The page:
Alex Salmond has claimed that Scotland could declare itself independent without a referendum in the future.
The Scottish First Minister, who has said he is standing down after voters failed to back independence last week, said a referendum was the “best route” to statehood, but added that there were others.
He said if the Scottish Parliament was given more powers until “you have a situation where you’re independent in all but name … “then presumably, you declare yourself to be independent”.
“Many countries have proceeded through that route,” he said in an interview with Sky News’ Murnaghan programme.
Mr Salmond has previously said that he would accept the referendum result and that it was a “once in a generation” event. However, he said on Sunday that “there are always things can change circumstances”, saying if the UK voted to leave the European Union then Scotland or if the main UK parties failed to honour a pledge to devolve more power to Edinburgh then having another vote would be justified.
Mr Salmond also said that demographics would see support for independence rising in the coming years.
“I mean when you have a situation where the majority of a country up to the age of 55 is already voting for independence then I think the writing’s on the wall for Westminster,” he said.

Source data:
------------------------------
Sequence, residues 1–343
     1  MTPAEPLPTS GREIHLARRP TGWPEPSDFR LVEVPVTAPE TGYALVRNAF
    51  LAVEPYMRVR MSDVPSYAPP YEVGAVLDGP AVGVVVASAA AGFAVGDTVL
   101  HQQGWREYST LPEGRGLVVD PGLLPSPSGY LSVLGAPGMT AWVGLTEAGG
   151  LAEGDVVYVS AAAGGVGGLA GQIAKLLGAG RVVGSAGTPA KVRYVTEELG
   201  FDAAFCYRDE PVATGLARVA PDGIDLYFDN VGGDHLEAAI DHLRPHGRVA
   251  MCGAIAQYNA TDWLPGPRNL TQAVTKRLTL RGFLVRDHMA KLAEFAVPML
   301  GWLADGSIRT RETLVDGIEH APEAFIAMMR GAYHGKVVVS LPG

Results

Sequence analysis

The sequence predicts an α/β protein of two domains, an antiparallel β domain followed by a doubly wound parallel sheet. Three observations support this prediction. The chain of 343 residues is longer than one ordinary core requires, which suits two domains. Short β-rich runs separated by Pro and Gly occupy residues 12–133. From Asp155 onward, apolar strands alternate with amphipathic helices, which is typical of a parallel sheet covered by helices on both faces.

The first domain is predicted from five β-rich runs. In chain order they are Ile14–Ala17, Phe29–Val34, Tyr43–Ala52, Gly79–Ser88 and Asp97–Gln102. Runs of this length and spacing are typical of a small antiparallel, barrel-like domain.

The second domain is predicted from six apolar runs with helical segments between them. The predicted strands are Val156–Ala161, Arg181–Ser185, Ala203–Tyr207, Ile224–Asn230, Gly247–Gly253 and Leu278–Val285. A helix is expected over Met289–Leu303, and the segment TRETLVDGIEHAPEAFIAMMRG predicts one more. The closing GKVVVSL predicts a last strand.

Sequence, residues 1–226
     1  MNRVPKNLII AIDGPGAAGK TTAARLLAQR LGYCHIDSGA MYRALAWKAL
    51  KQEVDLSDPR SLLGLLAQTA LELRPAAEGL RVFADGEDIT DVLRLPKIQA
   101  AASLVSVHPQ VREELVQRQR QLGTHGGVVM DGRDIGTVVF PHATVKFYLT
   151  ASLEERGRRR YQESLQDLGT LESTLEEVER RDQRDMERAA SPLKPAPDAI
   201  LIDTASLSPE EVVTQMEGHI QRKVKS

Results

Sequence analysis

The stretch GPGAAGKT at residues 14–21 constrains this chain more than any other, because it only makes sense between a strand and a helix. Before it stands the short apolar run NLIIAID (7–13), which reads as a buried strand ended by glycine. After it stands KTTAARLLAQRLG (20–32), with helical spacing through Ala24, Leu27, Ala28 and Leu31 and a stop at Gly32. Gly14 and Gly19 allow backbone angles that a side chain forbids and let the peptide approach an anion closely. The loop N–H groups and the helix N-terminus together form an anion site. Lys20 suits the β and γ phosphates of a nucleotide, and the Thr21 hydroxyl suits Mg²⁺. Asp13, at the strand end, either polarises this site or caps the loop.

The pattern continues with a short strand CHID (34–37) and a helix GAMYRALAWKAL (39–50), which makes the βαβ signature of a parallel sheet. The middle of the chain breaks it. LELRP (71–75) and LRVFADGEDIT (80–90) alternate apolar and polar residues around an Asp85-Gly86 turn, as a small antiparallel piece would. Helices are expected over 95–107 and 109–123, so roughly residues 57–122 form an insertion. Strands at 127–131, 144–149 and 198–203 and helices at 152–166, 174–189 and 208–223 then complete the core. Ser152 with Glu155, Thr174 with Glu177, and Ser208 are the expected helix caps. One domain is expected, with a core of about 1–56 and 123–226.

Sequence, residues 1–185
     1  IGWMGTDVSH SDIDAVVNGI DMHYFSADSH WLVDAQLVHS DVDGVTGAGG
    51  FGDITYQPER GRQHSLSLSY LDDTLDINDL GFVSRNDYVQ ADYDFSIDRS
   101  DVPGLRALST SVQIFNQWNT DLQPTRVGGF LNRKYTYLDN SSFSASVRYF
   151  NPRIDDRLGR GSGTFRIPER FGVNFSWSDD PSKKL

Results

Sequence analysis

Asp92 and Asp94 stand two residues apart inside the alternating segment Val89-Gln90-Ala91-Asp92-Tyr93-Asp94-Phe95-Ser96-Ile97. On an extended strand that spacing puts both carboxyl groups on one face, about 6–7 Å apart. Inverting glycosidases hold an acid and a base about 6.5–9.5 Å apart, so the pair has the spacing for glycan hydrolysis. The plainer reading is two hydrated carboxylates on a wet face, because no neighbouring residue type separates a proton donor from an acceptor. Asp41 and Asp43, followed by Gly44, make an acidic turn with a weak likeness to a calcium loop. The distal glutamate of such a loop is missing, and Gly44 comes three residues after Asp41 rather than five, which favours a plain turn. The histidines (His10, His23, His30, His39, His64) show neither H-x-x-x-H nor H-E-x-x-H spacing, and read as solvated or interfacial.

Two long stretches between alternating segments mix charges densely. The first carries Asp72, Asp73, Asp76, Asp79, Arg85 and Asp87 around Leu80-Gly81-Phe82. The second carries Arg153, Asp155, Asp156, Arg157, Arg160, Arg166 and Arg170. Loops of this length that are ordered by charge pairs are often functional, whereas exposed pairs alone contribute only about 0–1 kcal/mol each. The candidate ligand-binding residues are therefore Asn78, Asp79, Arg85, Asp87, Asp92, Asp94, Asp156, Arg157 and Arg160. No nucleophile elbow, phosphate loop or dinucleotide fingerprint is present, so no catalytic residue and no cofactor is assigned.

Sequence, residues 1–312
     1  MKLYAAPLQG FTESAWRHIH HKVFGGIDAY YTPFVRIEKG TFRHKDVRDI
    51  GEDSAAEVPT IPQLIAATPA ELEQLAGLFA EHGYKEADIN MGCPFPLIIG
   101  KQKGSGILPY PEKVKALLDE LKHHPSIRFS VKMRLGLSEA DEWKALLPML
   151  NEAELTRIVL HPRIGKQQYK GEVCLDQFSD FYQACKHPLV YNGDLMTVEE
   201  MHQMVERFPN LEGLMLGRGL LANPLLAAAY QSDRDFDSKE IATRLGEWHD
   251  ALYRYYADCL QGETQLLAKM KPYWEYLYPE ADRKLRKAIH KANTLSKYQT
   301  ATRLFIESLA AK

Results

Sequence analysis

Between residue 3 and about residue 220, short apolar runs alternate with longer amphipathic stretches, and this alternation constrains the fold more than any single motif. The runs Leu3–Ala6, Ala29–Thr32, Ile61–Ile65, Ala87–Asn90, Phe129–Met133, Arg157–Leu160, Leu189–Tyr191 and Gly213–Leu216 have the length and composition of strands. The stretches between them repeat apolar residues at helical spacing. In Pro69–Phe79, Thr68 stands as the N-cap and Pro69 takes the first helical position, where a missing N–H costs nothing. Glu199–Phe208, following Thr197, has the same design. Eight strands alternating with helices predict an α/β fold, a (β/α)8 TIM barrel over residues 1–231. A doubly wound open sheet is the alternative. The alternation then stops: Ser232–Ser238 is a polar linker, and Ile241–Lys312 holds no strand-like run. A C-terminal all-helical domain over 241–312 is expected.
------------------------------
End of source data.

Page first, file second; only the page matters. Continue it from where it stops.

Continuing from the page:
“I think the destination is pretty certain, we are only now debating the timescale and the method.
“I think Scots of my generation and above should really be looking at themselves in the mirror and wonder if we by majority, as a result of our decision, have actually impeded progress for the next generation which is something no generation should do.”
Johann Lamont, the Scottish Labour leader, told The Daily Telegraph that Mr Salmond should not try to “overthrow the will of the Scottish people in some sort of coup”.
“Having decisively lost a democratic referendum on independence, Alex Salmond is now suggesting the nationalists can ignore the sovereign will of the Scottish people,” she said.
“His words are fundamentally undemocratic and an insult to the people of Scotland. Salmond may regret the result but this reaction is dangerous and wrong.”
Adam Tomkins, professor of public law at the University of Glasgow, said a unilateral declaration of independence would be illegal and “bonkers”.
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